Places where large-scale sedimentation takes place are called sedimentary basins. The amount of sediment that can be deposited in a basin depends on the depth of the basin, the so calledaccommodation space. Depth, shape and size of a basin depend on tectonics, movements within the Earth's lithosphere. Where the lithosphere moves upward (tectonic uplift), land eventually rises above sea level, so that and erosion removes material, and the area becomes a source for new sediment. Where the lithosphere moves downward (tectonic subsidence), a basin forms and sedimentation can take place. When the lithosphere keeps subsiding, new accommodation space keeps being created.
A type of basin formed by the moving apart of two pieces of a continent is called a rift basin. Rift basins are elongated, narrow and deep basins. Due to divergent movement, the lithosphere isstretched and thinned, so that the hot asthenosphere rises and heats the overlying rift basin. Apart from continental sediments, rift basins normally also have part of their infill consisting of volcanic deposits. When the basin grows due to continued stretching of the lithosphere, the rift grows and the sea can enter, forming marine deposits.
When a piece of lithosphere that was heated and stretched cools again, its density rises, causing isostatic subsidence. If this subsidence continues long enough the basin is called a sag basin. Examples of sag basins are the regions along passive continental margins, but sag basins can also be found in the interior of continents. In sag basins, the extra weight of the newly deposited sediments is enough to keep the subsidence going in a vicious circle. The total thickness of the sedimentary infill in a sag basins can thus exceed 10 km.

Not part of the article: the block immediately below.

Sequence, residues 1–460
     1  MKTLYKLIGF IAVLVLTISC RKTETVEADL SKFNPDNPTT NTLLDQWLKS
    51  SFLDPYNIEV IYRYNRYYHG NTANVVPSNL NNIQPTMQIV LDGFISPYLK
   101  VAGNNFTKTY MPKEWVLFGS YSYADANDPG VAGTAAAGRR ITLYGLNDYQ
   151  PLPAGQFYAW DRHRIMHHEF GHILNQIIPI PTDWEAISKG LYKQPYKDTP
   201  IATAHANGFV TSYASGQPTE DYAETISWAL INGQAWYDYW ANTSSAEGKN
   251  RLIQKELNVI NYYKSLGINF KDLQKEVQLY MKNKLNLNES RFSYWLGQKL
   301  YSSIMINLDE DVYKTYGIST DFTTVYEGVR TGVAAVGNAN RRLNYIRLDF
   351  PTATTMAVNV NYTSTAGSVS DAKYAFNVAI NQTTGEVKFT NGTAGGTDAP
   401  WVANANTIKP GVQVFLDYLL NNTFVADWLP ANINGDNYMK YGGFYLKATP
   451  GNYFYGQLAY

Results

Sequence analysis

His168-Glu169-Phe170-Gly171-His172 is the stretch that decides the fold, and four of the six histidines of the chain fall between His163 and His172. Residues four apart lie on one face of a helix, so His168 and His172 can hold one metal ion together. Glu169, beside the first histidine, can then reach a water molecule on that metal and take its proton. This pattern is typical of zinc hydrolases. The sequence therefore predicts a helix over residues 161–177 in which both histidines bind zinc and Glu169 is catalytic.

A third type of basin exists along convergent plate boundaries - places where one tectonic plate moves under another into the asthenosphere. The subducting plate bends and forms a fore-arc basin in front of the overriding plate—an elongated, deep asymmetric basin. Fore-arc basins are filled with deep marine deposits and thick sequences of turbidites. Such infill is called flysch. When the convergent movement of the two plates results in continental collision, the basin becomes shallower and develops into a foreland basin. At the same time, tectonic uplift forms amountain belt in the overriding plate, from which large amounts of material are eroded and transported to the basin. Such erosional material of a growing mountain chain is called molasse and has either a shallow marine or a continental facies.
At the same time, the growing weight of the mountain belt can cause isostatic subsidence in the area of the overriding plate on the other side to the mountain belt. The basin type resulting from this subsidence is called a back-arc basin and is usually filled by shallow marine deposits and molasse